Some customers looking to use secondhand packaging from Package Pals for their own businesses were worried that it would not be well-received by their consumers, due to it being deemed cheap or inauthentic. 

“Many are actually concerned about branding and how their customers may perceive second-hand packaging to be like,” they highlight. 

However, a 2021 Ipsos study commissioned by the Package Pals and Lazada showed that 62 per cent of Singaporeans are actually quite, or very receptive, to second-hand packaging. 

The report also demonstrated that when retailers manage customer expectations effectively, such as by including secondhand packaging as an ‘opt-in’ choice, this significantly increases consumers’ receptivity, with 52 per cent of respondents expressing receptivity in such cases.

The trio also lamented that they tend to face an oversupply of most packaging. “In order for us to effectively extend the life cycle of the packaging we collect, the loop between consumers and businesses definitely needs to be closed,” they urge.

For the initiative to reach its full potential, they feel that businesses need to rev up their operations and start incorporating secondhand packaging. Debunking the myth that secondhand packaging is not welcomed by consumers, it is high time businesses rethink their packaging models for the greater good of the environment. 

On the business side of things, Package Pals are concerned over generating sufficient revenue to keep the cost of their packaging low, in order to encourage businesses to take up secondhand packaging.

They’re currently working on building their revenue streams, and have received a S$20,000 grant from the Youth Action Challenge Season 2 by National Youth Council as well as launched a

Package Pals volunteers
Package Pals volunteers / Image credit: Package Pals

The three 20-year-olds have now grown into a team with 20 other volunteers. Since their inception, they have received over 600 orders of secondhand packaging and distributed about 1,500 pieces of packaging per month.

They have also provided secondhand packaging to more than 400 businesses, including World Wide Fund For Nature Singapore, Halogen Foundation and essential oils brand Ollie.

They have also established a partnership with The Sustainability Project under the Zero Waste Packaging Initiative that helps to provide businesses with reused packaging, saving a total of 13,990 packaging pieces to date.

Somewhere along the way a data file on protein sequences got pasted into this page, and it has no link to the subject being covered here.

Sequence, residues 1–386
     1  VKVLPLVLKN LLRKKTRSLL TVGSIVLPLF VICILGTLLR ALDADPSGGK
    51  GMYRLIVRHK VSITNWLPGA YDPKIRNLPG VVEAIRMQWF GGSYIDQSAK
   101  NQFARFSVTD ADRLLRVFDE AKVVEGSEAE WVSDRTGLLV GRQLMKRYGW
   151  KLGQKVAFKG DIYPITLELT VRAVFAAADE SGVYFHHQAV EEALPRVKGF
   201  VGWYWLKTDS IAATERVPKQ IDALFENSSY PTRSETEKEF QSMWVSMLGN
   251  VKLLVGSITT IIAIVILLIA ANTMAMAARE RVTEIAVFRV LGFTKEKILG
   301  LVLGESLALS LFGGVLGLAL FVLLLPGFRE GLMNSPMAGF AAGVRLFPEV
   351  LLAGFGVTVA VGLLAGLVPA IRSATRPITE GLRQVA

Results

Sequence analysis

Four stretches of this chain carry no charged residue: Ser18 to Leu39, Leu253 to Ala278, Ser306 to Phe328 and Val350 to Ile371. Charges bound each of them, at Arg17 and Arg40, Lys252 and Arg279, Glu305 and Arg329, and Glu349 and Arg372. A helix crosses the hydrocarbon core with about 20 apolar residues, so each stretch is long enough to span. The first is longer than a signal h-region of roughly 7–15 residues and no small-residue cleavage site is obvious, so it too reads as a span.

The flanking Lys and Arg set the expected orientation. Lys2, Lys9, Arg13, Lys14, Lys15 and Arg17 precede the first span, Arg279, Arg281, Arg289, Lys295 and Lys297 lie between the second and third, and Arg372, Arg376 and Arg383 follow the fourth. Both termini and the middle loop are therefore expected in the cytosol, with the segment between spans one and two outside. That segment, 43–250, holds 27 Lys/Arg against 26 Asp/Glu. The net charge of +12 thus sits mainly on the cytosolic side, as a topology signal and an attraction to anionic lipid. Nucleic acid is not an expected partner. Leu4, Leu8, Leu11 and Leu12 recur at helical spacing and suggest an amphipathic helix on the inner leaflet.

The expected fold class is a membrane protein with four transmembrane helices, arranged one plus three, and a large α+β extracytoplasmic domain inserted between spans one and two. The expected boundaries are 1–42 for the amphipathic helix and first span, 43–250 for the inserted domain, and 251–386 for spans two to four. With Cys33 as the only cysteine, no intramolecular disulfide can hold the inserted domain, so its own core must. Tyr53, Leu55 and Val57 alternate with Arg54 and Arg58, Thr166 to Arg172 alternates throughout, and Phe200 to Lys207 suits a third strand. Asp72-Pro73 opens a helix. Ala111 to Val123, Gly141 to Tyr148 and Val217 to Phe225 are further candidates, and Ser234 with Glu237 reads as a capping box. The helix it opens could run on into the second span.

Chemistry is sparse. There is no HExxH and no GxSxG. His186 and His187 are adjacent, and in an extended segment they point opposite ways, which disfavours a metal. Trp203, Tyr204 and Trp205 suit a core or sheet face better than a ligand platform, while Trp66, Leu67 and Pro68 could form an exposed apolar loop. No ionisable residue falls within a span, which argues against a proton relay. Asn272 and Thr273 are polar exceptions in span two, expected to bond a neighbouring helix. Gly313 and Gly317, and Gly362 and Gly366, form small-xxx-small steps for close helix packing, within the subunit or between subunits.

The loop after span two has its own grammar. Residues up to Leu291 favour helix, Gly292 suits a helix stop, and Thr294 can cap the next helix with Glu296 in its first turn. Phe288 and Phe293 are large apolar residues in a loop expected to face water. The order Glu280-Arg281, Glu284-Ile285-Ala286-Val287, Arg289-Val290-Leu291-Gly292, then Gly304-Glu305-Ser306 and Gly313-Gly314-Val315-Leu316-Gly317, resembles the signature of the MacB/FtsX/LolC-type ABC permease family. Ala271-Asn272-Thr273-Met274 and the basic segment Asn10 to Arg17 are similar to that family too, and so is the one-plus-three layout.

Other partnerships include those with community organisations such as Our Tampines Hub, which hosts their first and only public drop-off point for packaging. Non-governmental organisations like SUN-DAC also works with Package Pals by contributing to their logistics operations as part of its clients’ occupational therapy programme. 

“We believe as more people hear of the idea of circular packaging, it could potentially encourage more businesses to adopt secondhand packaging,” says Puan Xin.

She adds that Package Pals also raises awareness on sustainable packaging, which is a “key goal” of its initiative.

Package Pals talk
Rachel Han giving an educational talk / Image credit: Package Pals

So far, over 20 workshops and talks for corporate and governmental organisations have been conducted. For schools and the general public, Package Pals has provided educational campaigns like talks and webinars. 

They have also expanded to other social media platforms such as Facebook and LinkedIn to spread awareness on packaging waste, address misconceptions, and encourage a conscious mindset towards waste and shopping. 

One of our primary aims is to shift customer perception of secondhand packaging and waste in general, in the long-term. We’d like to get our audience thinking about the end life of the products they purchase, and the packaging that comes with them.

This includes taking greater responsibility over the packaging they pass to us, and using consumer power to influence businesses to adopt the packaging option we offer.

– Rachel Lee, co-founder of Package Pals

Featured Image Credit: Package Pals

Also Read: Giving clothes a second life: How these S’pore brands are paving the way for sustainability

Some crypto companies in S’pore welcome the crypto winter, see it as weeding out the weak

Two months ago, Singapore-based Terraform Labs experienced an ugly fall from grace when both its Terra UST and Luna tokens collapsed almost overnight. While Terraform Labs has since launched a new token, the fallout from this collapse is still rippling through the crypto ecosystem, and not just in Singapore.